This data suggests that critical measures to embed sustainability in investment processes are not systematically reviewed when selecting asset managers. The finding is further validated by signatories’ data which indicates that less than 25% of asset owners assign specific weighting to ESG factors in the final asset manager evaluation. Finally, only a handful of asset owners include requirements related to responsible investment into formal contractual agreements with asset managers. So whilst clients are asking for “ESG integration,” this request is rarely made explicit and visible in mandates and asset allocation, making it challenging to achieve meaningful alignment between industry participants.

Meanwhile, the majority of asset managers indicate that they apply “ESG integration” in their investment processes. But looking at their actual investment practices, only a minority report that their investment teams work with raw ESG data.In most asset management firms, it is a team of ESG specialists (either within the asset management firm or at external research providers) which provides a view on companies’ sustainability performance. Additionally, this information is primarily used in the context of assessing corporate strategy and quality of management, and rarely used as an input to “integrated analysis”. In our view, this falls short of meaningful “ESG integration” whereby investment staff in charge of making investment decisions incorporate relevant ESG information into their fundamental analysis and risk assessments.

Figure 2: Few Asset Managers Do Integrated Analysis

Figure 2: Few Asset Managers Do Integrated Analysis

Admittedly, the excessive use of industry jargon (terms such as “responsible investment” and “ESG integration”) has been counterproductive. Beyond the buzzwords, differences in understanding persist. This might partly explain why this initial data set exposes some important discrepancies between aspirations and current practices. However, it also provides an opportunity for all market participants to clarify their investment philosophy and approach with regard to sustainability challenges.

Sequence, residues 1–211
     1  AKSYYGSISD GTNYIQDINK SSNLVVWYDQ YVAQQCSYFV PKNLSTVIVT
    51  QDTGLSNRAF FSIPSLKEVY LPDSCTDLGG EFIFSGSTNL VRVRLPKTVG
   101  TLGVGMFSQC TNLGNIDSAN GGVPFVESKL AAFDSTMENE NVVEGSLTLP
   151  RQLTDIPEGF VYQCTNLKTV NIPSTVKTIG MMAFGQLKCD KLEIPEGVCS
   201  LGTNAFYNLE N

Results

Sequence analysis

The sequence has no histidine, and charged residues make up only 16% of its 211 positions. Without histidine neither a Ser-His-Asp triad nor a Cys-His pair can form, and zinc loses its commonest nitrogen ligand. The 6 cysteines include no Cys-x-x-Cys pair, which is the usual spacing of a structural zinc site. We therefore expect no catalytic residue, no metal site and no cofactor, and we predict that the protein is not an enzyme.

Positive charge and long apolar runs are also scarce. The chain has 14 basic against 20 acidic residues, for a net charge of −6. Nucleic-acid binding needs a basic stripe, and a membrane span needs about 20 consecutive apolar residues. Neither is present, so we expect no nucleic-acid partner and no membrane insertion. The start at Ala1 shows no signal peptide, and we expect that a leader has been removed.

Improved transparency is a first step towards addressing the gaps between ambition and reality. It provides a baseline to identify areas for action and measure progress over time. It increases accountability and creates effective peer pressure amongst industry players. Ultimately, reporting and benchmarking can be effective tools to nudge management teams into addressing issues that might have otherwise remained in their blind spot. However, transparency alone is no panacea. Change needs to be supported by a compelling business case and clear incentives. Together these can bring sustainable change at systemic industry level.

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Cécile Churet is Sustainability Investing Client Specialist at RobecoSAM where she serves as a bridge between institutional clients looking for new ways to integrate financially material ESG factors across all asset classes and the firm’s research and product development activities. 

[1] Source: UNPRI data and RobecoSAM analysis